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Hon. Garrett E. Brown, Jr.

Plaintiffs Case No. CV-01-2669 (GEB)

Civil Action



OF AMERICA, INC., et al.,






1Grayson Barber

Grayson Barber, L.L.C.

68 Locust Lane

Princeton, New Jersey 08540

(609) 921-0391

Frank L. Corrado

Rossi, Barry, Corrado & Grassi

2700 Pacific Avenue

Wildwood, NJ 08260

(609) 729-1333




ACLU v. Johnson, 194 F.3d 1149 (10th Cir. 1999) 10

ACLU v. Reno, 217 F.3d 162 (3d Cir. 2000) 10

ACLU v. Reno, 31 pp.2d 473 (E.D. Pa. 1999) 10, 14, 18

Ameron, Inc. v. U.S. Army Corps of Engineers, 809 F.2d 979 (3d Cir. 1986). 8

Armstrong World Indus., Inc. v. Adams, 961 F.2d 405 (3d Cir. 1992) 2,17

Babbitt v. United Farm Workers Nat’l Union, 442 U.S. 289 (1979) 9, 10, 17

Baggett v. Bullitt, 377 U.S. 360 (1964) 15

Bantam Books, Inc., v. Sullivan, 372 U.S. 58 (1963) 1

Bates v. Little Rock, 361 U.S. 516 (1960). 24

Bd. of Airport Comm’rs v. Jews for Jesus, Inc., 482 U.S. 569 (1987). 20

Elrod v. Burns, 427 U.S. 347 (1976) 16

Forsyth County v. Nationalist Movement, 505 U.S. 123 (1992). 18

Hill v. Colorado, 530 U.S. 703 (2000) 1

Image Carrier Corp. v. Beame, 567 F.2d 1197 (2d Cir. 1977) 19

Int’l Society for Krishna Consciousness of Atlanta v. Eaves, 601 F.2d 809 (5th Cir. 1979). 23

Keyishian v. Bd. of Regents, 385 U.S. 589 (1967) 1

LSO, Ltd. v. Stroh, 205 F.3d 1146 (9th Cir. 2000). 17

Navegar v. United States, 103 F.3d 994 (D.C. Cir. 1997). 11

New Hampshire Right to Life Political Action Comm. v. Gardner,

99 F.3d 8 (1st Cir. 1996); 11

New Mexicans for Bill Richardson v. Gonzales, 64 F.3d 1495 (10th Cir. 1995) 8, 14, 15

Philadelphia Federation of Teachers v. Ridge, 150 F.3d 319 (3d Cir. 1998) 8

Pic-A-State v. Reno, 76 F.3d 1294 (3d Cir. 1996) 17, 18

Planned Parenthood Ass’n of Chicago Area v. Kempiners, 700 F.2d 1115 (7th Cir. 1983) 8

Planned Parenthood of Central New Jersey v. Farmer, 220 F.3d 127 (3d Cir. 2000). 9, 10

Presbytery of New Jersey of Orthodox Presbyterian Church v. Florio,

40 F.3d 1454 (3d Cir. 1994) 7, 8, 9, 17, 18, 21, 22

Rafeedie v. INS, 880 F.2d 506 (D.C. Cir. 1989) 2

Regional Rail Reorganization Act Cases, 419 U.S. 102 (1974) 7

Reno v. ACLU, 521 U.S. 844 (1997) 1, 9, 23

Reno v. Catholic Social Services, Inc., 509 U.S. 43 (1993) 8

Sierra Club v. Yeutter, 911 F.2d 1405 (10th Cir.1990). 8

Steffel v. Thompson, 415 U.S. 452 (1974). 9

Step-Saver Data Sys., Inc. v. Wyse Tech., 912 F.2d 643 (3d Cir. 1990) 8, 9, 17, 21

Times Film Corp. v. City of Chicago, 365 U.S. 43 (1961) 20

Travelers Insurance Co. v. Obusek, 72 F.3d 1148 (3d Cir. 1995). 17, 21

United Public Workers v. Mitchell, 330 U.S. 75 (1947) 19, 20

United States Civil Service Comm’n v. National Assoc. of Letter Carriers,

413 U.S. 548 (1973) 19, 20

Virginia v. American Booksellers Ass’n, 484 U.S. 383 (1988). 2, 7, 15, 16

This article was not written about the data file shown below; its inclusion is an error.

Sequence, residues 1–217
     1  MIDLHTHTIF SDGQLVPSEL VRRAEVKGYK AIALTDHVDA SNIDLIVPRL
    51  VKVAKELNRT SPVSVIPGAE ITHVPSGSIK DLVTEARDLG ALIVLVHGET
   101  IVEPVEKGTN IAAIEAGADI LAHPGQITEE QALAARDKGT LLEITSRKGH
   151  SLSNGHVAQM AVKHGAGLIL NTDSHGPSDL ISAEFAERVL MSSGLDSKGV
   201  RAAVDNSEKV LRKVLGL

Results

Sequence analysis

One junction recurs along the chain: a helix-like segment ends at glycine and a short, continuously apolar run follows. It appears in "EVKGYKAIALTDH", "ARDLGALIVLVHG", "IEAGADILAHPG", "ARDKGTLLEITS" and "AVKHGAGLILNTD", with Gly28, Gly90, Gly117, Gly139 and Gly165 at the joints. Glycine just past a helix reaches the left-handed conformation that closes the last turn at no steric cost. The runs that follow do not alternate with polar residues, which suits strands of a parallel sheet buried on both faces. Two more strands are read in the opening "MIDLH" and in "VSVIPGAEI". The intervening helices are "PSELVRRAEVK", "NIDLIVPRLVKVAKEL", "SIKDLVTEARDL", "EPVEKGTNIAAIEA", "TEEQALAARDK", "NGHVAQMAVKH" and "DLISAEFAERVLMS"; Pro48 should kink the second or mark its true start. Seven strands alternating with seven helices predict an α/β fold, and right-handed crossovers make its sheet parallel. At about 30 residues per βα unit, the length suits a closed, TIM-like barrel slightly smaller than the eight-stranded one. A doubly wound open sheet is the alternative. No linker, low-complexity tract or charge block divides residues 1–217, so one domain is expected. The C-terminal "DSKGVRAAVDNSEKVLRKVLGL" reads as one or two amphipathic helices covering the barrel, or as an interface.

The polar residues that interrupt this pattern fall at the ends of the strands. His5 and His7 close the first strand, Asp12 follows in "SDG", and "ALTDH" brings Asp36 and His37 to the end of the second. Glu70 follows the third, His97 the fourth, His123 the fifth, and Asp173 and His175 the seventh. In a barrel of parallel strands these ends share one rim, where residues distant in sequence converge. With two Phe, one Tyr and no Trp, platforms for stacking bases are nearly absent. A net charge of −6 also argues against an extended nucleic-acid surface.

17 U.S.C. § 1201(a)(1) 14

17 U.S.C. § 1201(a)(2). 12, 13, 14

17 U.S.C. § 1201(a)(3)(A) 12

17 U.S.C. § 1201(b)(1). 12, 13, 14

17 U.S.C. § 1201(b)(2) 12

17 U.S.C. § 1201(b)(2)(A). 13

17 U.S.C. § 1201(f)(2). 14

17 U.S.C. § 1201(g) 14

17 U.S.C. § 1201(j) 14

17 U.S.C. §1201(b)(1), 12

Other Authorities

Charles Wright, et al., Federal Practice and Procedure § 3532.3 (2d ed. 1983) 8, 19

Erwin Chemerinsky, Federal Jurisdiction (3d ed. 1999) 7, 19

Report of the House Comm. on Commerce, H.R. Rep. No. 105-551 (1998) 12


Plaintiffs’ case is straightforward: the Digital Millennium Copyright Act (DMCA) on its face and as applied to them violates First Amendment rights essential to ordinary scientific discourse. These rights, which include the rights to do research, to publish, and to learn from each other, protect society’s interest in the benefits of free scientific inquiry and discourse. Keyishian v. Bd. of Regents, 385 U.S. 589, 603 (1967) (“academic freedom is of transcendent value to all of us and not just the teachers concerned”).

Plaintiffs contend that the DMCA unconstitutionally chills science in a variety of ways — in particular, by forcing scientists to obtain permission from companies whose business interests might be harmed by scientific research and publication. See, e.g., Reno v. ACLU, 521 U.S. 844, 880 (1997) (holding statute regulating indecent Internet speech unconstitutional in part because it would “confer broad powers of censorship, in the form of a ‘heckler’s veto,’ upon any opponent of indecent speech”); Hill v. Colorado, 530 U.S. 703, 735 n.43 (2000) (acknowledging “constitutionally problematic” nature of enactments that “allow[] a single, private actor to unilaterally silence a speaker even as to willing listeners”). Such a requirement, which effectively creates a system of censorship, is anathema to the First Amendment. See Bantam Books, Inc., v. Sullivan, 372 U.S. 58, 69-71 (1963).

The government claims that this case is not ripe, but what the government ignores is damning to its claim: that the individual Plaintiffs did not publish a scientific paper because the private Defendants threatened to sue them and the organizers of the conference where the paper was to be presented under the DMCA; that they ultimately published a second version of that paper only with the private Defendants’ express permission and only after this case was filed; that Plaintiffs, although they presented their paper at Plaintiff USENIX’s conference, censored their presentation; that the Plaintiffs (and others) are currently chilled by the DMCA and face a “Hobson’s choice” of pursuing their fields of scientific interest or risking potential liability.